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Sunday, 29 May 2016


The performance of mime originated in Ancient Greece; the name is taken from a single masked dancer called Pantomimus, although performances were not necessarily silent.

The first recorded mime was Telestēs in the play Seven Against Thebes, which was produced by Aeschylus in 467 BC. Tragic mime was developed by Puladēs of Kilikia; comic mime was developed by Bathullos of Alexandria.

In Ancient Rome mime became a spoken form of popular, farcical drama with music, which was played without masks.

Masked theatrical troupe around an aulos player (mosaic from the House of the Tragic Poet, Pompeii)

The popular mimes, which all but drove other forms of spoken drama from the stage under the Roman Empire, were sub-literary, unmetrical, and largely impromptu, with dialogue in prose which the chief actor was free to cut or expand at will.

The Roman tradition of mime was brought to Britain during the Roman occupation.

The distinctive costume of the Roman mime-player was a hood which could be drawn over the head or thrown back, a patchwork jacket, tights, and the phallus; the head was shaven and the feet bare.

The Roman tradition of mime was brought to Britain during the Roman occupation.

The sordid themes and startling indecency of the language, action, and near-nudity of the actors and actresses, meant that there was an outcry against the entertainment as the Roman empire became Christianized. In the fifth century the Church excommunicated all performers in Roman mime for burlesquing the sacraments and for their indecency.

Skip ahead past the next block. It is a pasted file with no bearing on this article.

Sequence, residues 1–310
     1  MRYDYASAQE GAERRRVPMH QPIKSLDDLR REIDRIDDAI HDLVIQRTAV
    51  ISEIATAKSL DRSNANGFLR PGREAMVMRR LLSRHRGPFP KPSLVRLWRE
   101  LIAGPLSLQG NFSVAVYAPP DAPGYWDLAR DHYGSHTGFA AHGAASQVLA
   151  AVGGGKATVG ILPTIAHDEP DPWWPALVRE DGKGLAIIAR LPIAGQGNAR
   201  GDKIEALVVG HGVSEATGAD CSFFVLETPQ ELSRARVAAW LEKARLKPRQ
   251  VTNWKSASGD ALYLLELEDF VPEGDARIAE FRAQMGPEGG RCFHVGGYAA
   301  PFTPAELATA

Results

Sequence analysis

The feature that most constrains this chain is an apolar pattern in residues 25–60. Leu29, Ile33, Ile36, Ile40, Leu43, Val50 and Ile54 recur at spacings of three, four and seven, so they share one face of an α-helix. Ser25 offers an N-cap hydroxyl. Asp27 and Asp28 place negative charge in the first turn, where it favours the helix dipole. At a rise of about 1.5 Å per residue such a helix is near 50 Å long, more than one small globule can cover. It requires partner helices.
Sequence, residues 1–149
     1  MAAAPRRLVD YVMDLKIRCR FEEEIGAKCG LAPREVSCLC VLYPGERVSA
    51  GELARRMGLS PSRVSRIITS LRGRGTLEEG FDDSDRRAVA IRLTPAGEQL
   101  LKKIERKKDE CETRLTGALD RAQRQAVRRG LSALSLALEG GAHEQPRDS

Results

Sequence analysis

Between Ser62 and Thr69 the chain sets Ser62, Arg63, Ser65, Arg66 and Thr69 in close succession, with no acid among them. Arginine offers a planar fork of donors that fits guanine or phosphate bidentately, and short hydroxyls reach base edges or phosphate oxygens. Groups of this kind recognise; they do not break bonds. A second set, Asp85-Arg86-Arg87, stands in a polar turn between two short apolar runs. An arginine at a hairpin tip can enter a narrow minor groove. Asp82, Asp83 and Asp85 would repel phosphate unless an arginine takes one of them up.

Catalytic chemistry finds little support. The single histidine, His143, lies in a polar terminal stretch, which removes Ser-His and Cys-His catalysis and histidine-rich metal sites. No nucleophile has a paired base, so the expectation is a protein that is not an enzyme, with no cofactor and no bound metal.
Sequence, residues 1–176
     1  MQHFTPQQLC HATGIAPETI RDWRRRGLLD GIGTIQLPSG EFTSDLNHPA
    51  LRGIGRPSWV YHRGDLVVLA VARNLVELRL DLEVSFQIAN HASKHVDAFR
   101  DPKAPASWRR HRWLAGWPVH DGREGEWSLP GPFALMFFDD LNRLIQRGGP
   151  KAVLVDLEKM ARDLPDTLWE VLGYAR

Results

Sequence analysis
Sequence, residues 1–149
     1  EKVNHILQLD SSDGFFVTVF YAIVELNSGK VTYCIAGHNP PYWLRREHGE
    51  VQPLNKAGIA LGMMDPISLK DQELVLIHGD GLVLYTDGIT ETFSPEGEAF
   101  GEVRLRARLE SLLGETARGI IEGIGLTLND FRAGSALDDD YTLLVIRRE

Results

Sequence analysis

In Medieval Europe, early forms of mime such as mummer plays and later dumbshows evolved

The work of Jean Deburau (1796-1846), which culminated in the famous mime-play L'Enfant prodigue, popularized mime in France in the 19th century and the vogue for it spread to Britain.

Mimes Jean Soubeyran and Brigitte Soubeyran in 1950.By Ronald - Inge Worringen, Cologne, Wikipedia Commons
Silent film comedians like Charlie Chaplin, Harold Lloyd and Buster Keaton learned the craft of mime in the theatre, but through film, they would have a profound influence on mimes working in live theatre decades after their deaths. Indeed, Chaplin may be the most well-documented mime in history.

Marcel Marceau (March 22, 1923 – September 22, 2007) was a French mime. He first used mime during World War II to keep Jewish children quiet while he helped them escape from occupied France to neutral Switzerland

Marceau was most famous for his stage persona as "Bip the Clown," which he first played at the Théâtre de Poche in Paris in 1947. In his appearance he wore a striped pullover and a battered, beflowered silk opera hat. The outfit signified life's fragility and Bip became his alter ego, just as the "Little Tramp" became Charlie Chaplin's. Marceau referred to mime as the "art of silence," and he performed professionally worldwide for over 60 years. He was said to be single-handedly responsible for reviving the art of mime after World War II.

Marceau as Bip the Clown in 1974

In late 1968 David Bowie formed his own mime troupe, Turquoise, later renamed Feathers. The short lived group recited poetry and played some folk songs interspersed with mime routines on a meager circuit of university halls and folk clubs.

When the comedian Robin Williams was first starting out, he performed as a mime outside New York City's Metropolitan Museum of Art to make money.

Between the years of 1995 and 2003 the mayor of Bogotá, Colombia hired mimes to ridicule traffic violators in the streets in an effort to reduce chaotic driving. Traffic fatalities decreased 50% as a result.

Source Comptons Encyclopedia

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